For the industrial scale manufacturing of inexpensive DSSC, screen printing of TiO2 layer on top of FTO or polymer surface is one of the widely used technologies. The applications of TiO2 paste also covers areas including gas sensors, Gamma – radiation sensors, corrosion resistance, and microwave absorption and so on [5-7]. Since titanium dioxide is nontoxic and eco-friendly, it has also found a wide variety of applications in health care products, cosmetics and paints. The main factor which influences the screen printing is the characteristics and quality of TiO2 paste. The preparation of TiO2 paste with controllable nanoparticles size via hydrothermal method takes minimum of 28 hrs to complete and follows a lengthy procedure. A lengthy procedure of TiO2 paste making may not fit industrially due to the economic constraints and the slow processes. So, to achieve an easy TiO2 paste preparation with comparable efficiency as that of nanoparticles, several methods are tried using commercially available nanopowder (P25, Degussa) [8].

In this study, a commonly available TiO2 nanopowder (Sigma Aldrich, USA) is converted into paste in lesser time when compared to the hydrothermal method. A faster and easier procedure makes the industrial manufacturing of DSSC more easy and rapid, without compromising the performance and quality. So, we have prepared the TiO2 pastes by following a simple method with different binders and tested their photovoltaic performances, and also studied the influence of dispersion agent with the best performing paste made from commercially available TiO2 powder. The paste preparation doesn’t involve any sophisticated equipments and the overall paste preparation has been completed in less than 6 hours. In contrast, the paste preparation using laboratory made nanoparticles requires trained hands and well equipped machineries. Moreover, the commercially available TiO2 nanopowder based paste provides almost similar performance throughout and high reliability regardless of number of batches of the TiO2 paste prepared.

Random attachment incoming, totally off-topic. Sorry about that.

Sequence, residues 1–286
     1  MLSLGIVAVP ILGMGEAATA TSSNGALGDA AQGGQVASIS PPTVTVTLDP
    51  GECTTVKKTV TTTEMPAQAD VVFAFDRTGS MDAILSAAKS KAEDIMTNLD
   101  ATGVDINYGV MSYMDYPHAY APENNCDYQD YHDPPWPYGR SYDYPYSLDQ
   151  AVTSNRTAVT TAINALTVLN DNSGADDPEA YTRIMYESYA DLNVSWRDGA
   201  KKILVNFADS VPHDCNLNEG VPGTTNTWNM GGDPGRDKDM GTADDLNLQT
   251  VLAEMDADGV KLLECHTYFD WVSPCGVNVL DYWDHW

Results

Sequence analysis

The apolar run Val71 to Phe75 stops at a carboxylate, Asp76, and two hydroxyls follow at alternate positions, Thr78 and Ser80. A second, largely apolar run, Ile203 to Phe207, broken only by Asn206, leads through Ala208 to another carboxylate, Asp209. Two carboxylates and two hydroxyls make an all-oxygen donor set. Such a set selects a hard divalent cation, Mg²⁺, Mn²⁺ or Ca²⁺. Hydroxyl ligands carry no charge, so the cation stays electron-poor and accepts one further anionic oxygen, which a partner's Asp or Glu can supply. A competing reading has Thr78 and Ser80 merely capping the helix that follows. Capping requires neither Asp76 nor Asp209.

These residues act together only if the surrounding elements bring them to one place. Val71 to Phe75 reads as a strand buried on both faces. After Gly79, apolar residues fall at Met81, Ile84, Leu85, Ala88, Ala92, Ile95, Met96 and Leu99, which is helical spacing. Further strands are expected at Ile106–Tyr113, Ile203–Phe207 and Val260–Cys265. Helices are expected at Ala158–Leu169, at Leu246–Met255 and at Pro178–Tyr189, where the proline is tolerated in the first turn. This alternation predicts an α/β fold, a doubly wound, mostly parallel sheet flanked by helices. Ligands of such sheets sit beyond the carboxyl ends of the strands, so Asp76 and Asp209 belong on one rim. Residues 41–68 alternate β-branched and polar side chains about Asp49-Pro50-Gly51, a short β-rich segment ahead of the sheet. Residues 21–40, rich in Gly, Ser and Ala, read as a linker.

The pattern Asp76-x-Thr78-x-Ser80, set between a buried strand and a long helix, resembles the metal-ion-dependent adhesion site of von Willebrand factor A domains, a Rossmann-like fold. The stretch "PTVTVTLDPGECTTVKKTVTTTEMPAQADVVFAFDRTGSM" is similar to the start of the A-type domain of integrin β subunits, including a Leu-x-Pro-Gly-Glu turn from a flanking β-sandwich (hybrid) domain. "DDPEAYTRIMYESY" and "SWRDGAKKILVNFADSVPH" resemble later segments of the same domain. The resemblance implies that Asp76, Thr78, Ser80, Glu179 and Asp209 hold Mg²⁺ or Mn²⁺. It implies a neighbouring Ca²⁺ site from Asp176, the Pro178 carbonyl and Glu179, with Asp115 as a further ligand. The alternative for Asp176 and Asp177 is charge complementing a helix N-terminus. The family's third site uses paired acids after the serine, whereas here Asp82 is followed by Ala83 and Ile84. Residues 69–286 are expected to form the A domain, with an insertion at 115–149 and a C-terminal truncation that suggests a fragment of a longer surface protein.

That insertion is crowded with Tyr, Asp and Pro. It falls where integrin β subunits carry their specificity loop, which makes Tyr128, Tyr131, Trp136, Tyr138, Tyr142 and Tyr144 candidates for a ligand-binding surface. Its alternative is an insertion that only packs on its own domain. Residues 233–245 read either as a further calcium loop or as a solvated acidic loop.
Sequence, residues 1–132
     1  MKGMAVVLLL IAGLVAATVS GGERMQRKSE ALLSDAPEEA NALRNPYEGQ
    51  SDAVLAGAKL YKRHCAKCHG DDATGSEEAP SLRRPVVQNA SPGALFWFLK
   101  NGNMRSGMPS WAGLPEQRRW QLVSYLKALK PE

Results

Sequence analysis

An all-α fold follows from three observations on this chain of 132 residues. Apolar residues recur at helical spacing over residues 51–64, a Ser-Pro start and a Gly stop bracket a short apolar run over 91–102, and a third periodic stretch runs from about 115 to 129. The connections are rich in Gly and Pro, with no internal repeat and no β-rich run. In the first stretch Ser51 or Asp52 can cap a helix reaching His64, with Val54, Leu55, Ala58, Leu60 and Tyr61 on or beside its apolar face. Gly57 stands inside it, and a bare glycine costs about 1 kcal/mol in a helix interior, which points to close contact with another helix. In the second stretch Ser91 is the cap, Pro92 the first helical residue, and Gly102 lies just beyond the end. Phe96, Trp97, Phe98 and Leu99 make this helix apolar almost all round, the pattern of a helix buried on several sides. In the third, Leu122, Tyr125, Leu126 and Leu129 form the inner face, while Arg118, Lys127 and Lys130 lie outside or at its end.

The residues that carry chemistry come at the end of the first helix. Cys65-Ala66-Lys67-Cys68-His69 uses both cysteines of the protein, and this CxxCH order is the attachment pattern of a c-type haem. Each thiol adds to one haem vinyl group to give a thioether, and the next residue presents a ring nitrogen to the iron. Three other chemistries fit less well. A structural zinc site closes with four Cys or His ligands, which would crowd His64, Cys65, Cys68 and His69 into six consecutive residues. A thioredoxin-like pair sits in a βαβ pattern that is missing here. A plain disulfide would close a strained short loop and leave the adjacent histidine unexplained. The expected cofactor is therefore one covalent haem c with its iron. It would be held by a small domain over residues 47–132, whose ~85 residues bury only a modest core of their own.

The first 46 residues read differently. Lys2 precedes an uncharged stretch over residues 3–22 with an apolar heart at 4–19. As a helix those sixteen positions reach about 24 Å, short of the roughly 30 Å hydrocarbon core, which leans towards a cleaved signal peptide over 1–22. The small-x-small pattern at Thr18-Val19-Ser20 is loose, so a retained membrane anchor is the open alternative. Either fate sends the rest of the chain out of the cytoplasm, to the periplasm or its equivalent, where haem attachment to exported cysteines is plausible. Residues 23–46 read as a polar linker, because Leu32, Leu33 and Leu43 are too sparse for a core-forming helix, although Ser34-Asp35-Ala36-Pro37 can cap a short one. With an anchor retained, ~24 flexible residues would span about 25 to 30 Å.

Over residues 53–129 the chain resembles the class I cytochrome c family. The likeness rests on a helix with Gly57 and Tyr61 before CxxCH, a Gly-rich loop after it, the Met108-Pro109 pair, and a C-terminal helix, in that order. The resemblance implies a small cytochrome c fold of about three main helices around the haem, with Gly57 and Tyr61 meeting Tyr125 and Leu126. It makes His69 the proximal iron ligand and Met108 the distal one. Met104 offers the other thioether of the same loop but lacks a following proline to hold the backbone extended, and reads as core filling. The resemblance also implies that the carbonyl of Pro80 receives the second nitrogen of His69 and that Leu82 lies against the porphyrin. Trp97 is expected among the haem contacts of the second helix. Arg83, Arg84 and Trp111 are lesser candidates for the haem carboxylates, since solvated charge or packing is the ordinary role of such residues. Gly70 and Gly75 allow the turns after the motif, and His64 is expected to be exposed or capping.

Commercial TiO2 nanopowder (Anatase) was procured from Sigma-Aldrich, USA. Ethyl cellulose powder (18-22 cps) was purchased from Loba Chemie, India. Polyvinylpyrrolidone was purchased from Himedia, India. Fluorine doped tin oxide (FTO) glass slides (12-14 ohm/sq) were purchased from Dyesol Corporation, Australia. Commercial N719 dye (4- tertbutylpyridine, cis di(thiocyanato)-N, N’-bis (2,2’ bipyridyl- 4-carboxylic acid-4’- tetrabutylammonium carboxylate) ruthenium (II) were procured from Dyesol Corporation, Australia. Adhesive film (Surlyn, Meltronix 1170-25PF) was purchased from Solaronix, Switzerland.

Preparation of screen-printable TiO2 pastes

Different type of TiO2 pastes were prepared using commercially available TiO2 nanopowder by varying different organic binder concentrations. Then their TiO2 films adhesion and performance were tested. Based on the literature, the widely known two organic binders ethyl cellulose, and polyvinyl pyrrolidone were selected for this study and compared with the TiO2 paste made without binder.

Preparation of TiO2 paste without binder: In the beginning, anatase TiO2 powder was mixed with few drops of DI water and ethanol thoroughly. Then, the mixture was crushed in an agate mortar until it converts as viscous state [9] by following the detailed procedure given below: